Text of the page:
As long as Double Dutch an others keep drawing the punchy, stabby and shooty types the fun will continue.

I hate that place and their ‘clientele’. Absentee owner & a-hole bouncer and played-out bboy staples. Trick Trap all the way

Agreed.  I’ve always hated Double Dutch.  I have some friends who like it, and I’ll never understand why.

to quote Black Dynamite I say

MAN, THIS TIME THESECRACKERS HAVE GONE TO FAR!”

One interesting fact I heard recently from a former Adobe Books employee is that Jack Spade is still paying the rent on that 16th street space since they didn’t follow through with their rental agreement.

People that keep screaming ‘nimby’ or ‘squalor’ keeps businesses from renting have no idea what going through real estate brokers and dealing with landlords is really like. And that landlords even after the bust, still talked among themselves as did the brokers, that though many rents dropped 50%, (not on valencia but on mission street and 24th) the idea was to plan for the next boom, and not get any tenant that couldn’t afford massive increases a few years down the road. Landlords for the most part will have no problem justifying letting a place sit empty, even for years, rather than rent a 5 or 10 year lease to viable working class type small business. I spent years looking post bust and had many vile experiences. Since I’m white I heard a lot of shit from white rich people too. They are the kind that just ‘assumes’ any other normal looking white person thinks like them.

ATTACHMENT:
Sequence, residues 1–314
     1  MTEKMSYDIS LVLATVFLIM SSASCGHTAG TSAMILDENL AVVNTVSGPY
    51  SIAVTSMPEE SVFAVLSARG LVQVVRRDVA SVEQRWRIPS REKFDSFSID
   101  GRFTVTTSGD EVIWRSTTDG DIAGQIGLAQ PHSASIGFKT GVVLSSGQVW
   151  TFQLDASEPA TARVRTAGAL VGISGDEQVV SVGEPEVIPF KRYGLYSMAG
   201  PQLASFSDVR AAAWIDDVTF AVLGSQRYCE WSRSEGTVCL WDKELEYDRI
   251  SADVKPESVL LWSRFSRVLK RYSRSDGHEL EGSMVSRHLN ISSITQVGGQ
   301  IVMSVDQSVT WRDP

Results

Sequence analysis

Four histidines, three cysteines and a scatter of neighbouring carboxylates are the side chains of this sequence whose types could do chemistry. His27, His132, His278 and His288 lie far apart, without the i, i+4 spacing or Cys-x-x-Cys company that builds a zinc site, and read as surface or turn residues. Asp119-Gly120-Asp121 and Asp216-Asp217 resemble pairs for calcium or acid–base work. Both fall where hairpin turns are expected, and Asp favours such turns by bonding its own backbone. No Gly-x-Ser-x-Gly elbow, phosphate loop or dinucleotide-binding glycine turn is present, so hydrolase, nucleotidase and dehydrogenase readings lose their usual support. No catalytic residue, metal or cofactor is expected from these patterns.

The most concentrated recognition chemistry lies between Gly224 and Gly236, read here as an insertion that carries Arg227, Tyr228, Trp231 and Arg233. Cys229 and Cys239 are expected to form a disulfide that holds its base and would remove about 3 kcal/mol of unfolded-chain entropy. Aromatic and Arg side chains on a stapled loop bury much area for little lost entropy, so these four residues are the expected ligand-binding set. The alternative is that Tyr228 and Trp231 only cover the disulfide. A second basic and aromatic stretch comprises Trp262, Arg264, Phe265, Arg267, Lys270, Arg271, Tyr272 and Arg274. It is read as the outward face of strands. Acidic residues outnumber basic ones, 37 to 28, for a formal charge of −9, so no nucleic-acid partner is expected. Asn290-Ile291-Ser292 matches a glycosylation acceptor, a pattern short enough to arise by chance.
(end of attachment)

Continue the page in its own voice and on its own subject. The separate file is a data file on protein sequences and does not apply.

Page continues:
anyway, lets hope that new good pizza place doesn’t get screwed by their landlords. We know their record. 

To be fair and accurate, Prop 13 doesn’t “freeze” tax rates.  I am not debating if it is right or wrong for commercial properties, but it certainly isn’t frozen at the last sale price.   Indeed, it has the unintendend consequence that during bad times budgets don’t have to be slashed because the annual increases and the prices decreases seem to match.